Walter Lovell

Service:                Royal Navy

Rank:                   Stoker 1st Class

Service No:           K/5108

Unit:                     H.M.S. Monmouth

 Walter was born in St George, Bristol on 4th September 1891.  He was the fourth child of George & Agnes Lovell, his father was a shoe maker. Sadly Walter’s father died while he was only & young child; his mother Agnes married Albert White in 1898 and the family were living at 11 Clouds Hill Road in 1901. On 4th January 1910 Walter joined the Royal Navy on a 12 Year engagement. 1m 1911 Agnes, now widowed again was living with 2 of her daughters Alice & Kate at 209 Two Mile Hill Kingswood.

Walters navy record details that at the time of his enrolment he was 5ft 4 ½ inches, dark brown hair & brown eyes and dark complexion. He served on several establishments & ships as a stoker. In 1911 he was aboard H.M.S. Mars that was anchored in Weymouth Bay. On the second of August 1914 he was to join the company of H.M.S. Monmouth.

HMS Monmouth was the first of ten Monmouth class first class armoured cruisers built for the Royal Navy between 1899, when the Monmouth was laid down and 1904 when the last five of the class were completed. The previous Drake class of cruisers were large, fast and expensive. The Monmouth class was designed to keep the speed but reduce the size and cost. The resulting ship was 4,000 tonnes lighter and 50 feet shorter that the Drake class ships. This had been achieved by reducing the thickness of the main armour belt from 6in to 4in and by removing the two 9.2in guns carried on the Drakes.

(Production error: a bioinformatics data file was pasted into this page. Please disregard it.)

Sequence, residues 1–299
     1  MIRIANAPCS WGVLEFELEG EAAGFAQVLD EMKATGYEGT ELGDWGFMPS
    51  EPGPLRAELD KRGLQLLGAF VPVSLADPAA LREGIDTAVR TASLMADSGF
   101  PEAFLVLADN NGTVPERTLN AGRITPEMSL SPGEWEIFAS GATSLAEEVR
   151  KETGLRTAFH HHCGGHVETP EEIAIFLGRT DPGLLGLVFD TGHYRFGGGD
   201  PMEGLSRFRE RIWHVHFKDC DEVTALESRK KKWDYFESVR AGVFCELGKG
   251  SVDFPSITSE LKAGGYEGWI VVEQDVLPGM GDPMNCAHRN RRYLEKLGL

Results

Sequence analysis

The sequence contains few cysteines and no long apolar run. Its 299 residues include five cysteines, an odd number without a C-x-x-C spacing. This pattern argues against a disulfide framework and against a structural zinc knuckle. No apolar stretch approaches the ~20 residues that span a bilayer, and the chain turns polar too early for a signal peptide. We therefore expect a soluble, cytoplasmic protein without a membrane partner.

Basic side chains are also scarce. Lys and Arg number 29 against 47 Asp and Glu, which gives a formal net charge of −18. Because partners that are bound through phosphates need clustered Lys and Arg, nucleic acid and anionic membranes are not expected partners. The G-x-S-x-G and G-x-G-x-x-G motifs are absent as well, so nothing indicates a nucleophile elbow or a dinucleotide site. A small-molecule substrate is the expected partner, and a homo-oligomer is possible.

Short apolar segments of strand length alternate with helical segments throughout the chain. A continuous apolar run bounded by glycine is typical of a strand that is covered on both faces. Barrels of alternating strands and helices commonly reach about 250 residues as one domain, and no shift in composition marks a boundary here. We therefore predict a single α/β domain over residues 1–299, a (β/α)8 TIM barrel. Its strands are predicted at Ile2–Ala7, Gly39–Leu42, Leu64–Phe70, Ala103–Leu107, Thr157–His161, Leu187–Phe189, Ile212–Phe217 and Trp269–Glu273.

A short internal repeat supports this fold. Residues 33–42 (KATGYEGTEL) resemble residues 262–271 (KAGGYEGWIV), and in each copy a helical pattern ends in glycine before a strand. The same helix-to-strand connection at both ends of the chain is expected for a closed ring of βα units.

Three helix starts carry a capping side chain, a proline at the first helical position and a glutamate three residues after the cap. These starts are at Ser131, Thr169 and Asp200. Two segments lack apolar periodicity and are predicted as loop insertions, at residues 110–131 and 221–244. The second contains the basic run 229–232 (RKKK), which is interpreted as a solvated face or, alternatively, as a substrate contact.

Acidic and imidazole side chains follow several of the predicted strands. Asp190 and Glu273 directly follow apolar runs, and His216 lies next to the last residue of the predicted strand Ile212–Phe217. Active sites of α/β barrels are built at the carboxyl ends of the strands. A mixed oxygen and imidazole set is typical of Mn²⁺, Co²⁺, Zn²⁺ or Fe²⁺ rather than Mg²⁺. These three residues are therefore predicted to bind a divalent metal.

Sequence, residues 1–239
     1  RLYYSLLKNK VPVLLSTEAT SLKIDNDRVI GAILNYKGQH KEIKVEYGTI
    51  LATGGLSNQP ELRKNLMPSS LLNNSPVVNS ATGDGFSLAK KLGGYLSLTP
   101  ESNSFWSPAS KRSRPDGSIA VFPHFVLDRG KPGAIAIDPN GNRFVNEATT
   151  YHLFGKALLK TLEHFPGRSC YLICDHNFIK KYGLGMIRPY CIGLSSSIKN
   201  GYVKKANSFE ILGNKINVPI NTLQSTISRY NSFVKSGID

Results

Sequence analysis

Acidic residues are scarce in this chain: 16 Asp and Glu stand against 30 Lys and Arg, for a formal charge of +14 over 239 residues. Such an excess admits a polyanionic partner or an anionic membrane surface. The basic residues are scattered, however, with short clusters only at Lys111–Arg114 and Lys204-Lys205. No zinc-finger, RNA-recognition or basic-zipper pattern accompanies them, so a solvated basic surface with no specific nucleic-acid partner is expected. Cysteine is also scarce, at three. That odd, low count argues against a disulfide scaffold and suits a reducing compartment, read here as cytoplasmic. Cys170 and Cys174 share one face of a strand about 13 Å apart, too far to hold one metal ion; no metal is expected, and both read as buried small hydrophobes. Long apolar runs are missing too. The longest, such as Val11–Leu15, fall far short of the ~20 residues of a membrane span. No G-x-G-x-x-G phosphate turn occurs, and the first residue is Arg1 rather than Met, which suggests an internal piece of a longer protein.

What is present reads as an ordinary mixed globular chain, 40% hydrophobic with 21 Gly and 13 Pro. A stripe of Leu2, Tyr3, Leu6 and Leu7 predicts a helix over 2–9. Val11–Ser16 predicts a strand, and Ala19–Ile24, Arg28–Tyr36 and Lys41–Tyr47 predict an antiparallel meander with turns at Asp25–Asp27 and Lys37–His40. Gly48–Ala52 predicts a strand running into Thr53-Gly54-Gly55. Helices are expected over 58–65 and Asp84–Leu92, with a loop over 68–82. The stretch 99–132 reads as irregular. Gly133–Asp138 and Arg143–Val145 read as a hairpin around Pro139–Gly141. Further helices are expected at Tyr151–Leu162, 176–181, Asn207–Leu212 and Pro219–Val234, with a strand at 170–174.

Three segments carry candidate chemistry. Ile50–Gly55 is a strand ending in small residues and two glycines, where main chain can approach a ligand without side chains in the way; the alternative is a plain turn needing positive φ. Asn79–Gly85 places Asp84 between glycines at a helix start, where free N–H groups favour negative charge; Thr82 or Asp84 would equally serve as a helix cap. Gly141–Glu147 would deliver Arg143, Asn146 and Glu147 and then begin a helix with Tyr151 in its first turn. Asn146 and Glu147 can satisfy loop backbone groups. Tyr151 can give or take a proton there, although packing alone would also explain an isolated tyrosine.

Instead the Monmouth class cruisers carried fourteen 6in guns. Four of those guns were carried in two turrets, one fore and one aft, with the remaining ten carried in casemates, five on each side of the ship. Although the class was criticized for its lack of firepower at the time, the Monmouth would be the only member of the class to be lost in battle, and eight of the ten ships built survived until 1920-21 when they were sold off.

The Monmouth spent some of its early career in the Mediterranean, joining the 1st Cruiser Squadron. In January 1906 she went into the reserve at Devonport, but only for three months. In April 1906 she was sent to the China Station. In 1913 she was back in home waters with the 3rd Fleet. At the outbreak of the First World War she was part of the 5th Cruiser Squadron, but she was soon detached from that squadron and sent to join Admiral Christopher Cradock’s South American station.

In October 1914 Cradock learnt that Admiral von Spee, at the head of a squadron of five modern cruisers, was planning to leave the Pacific for the South Atlantic. Cradock decided to move into the Pacific in an attempt to prevent this.  At Coronel (1 November 1914) Cradock was effectively ambushed by von Spee’s squadron. The Monmouth’s 6in guns were outranged by the 8.2in guns carried on von Spee’s best ships, the Scharnhorst and the Gneisenau. The Monmouth was lost with all hands without being able to inflict any damage on the German ships.

Stoker Walter Lovell died on 1st November 1914 along with the entire crew in this action off the Chilian Coast.

He is remembered with honour on the Plymouth Naval Memorial.


Image thanks to CWGC

Walter was awarded the 1914 Star,The British War Medal & The Victory Medal.


Commonwealth War Graves Commission

National Achieve – Navy records

1891, 1901 & 1911 census